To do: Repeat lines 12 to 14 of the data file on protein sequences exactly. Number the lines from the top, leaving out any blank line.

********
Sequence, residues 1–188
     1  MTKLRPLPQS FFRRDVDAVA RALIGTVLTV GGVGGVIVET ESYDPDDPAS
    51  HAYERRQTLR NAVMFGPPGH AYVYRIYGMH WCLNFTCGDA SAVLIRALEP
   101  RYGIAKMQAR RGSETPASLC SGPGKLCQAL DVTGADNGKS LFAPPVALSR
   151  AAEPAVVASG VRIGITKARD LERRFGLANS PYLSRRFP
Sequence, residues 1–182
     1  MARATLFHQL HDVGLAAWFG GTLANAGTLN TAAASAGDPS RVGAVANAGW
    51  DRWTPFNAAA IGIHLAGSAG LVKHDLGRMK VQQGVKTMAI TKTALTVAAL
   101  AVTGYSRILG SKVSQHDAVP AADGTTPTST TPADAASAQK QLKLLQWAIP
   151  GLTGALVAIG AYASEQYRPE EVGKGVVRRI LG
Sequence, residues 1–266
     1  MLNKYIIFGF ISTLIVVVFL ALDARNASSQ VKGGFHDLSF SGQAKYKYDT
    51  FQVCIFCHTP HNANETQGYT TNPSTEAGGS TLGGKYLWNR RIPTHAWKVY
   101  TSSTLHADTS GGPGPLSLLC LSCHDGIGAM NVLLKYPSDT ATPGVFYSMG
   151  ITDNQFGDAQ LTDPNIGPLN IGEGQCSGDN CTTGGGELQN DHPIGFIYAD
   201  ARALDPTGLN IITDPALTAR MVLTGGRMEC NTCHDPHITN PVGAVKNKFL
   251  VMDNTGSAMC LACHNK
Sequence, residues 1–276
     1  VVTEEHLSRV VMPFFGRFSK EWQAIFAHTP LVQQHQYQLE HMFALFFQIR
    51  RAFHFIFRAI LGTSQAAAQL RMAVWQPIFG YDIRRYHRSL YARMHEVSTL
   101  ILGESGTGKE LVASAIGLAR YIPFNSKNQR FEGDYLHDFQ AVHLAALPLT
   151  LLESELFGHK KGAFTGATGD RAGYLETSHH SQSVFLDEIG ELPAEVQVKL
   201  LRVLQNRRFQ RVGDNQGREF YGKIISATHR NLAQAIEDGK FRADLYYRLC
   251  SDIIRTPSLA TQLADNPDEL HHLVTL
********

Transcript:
     1  MLNKYIIFGF ISTLIVVVFL ALDARNASSQ VKGGFHDLSF SGQAKYKYDT
    51  FQVCIFCHTP HNANETQGYT TNPSTEAGGS TLGGKYLWNR RIPTHAWKVY
   101  TSSTLHADTS GGPGPLSLLC LSCHDGIGAM NVLLKYPSDT ATPGVFYSMG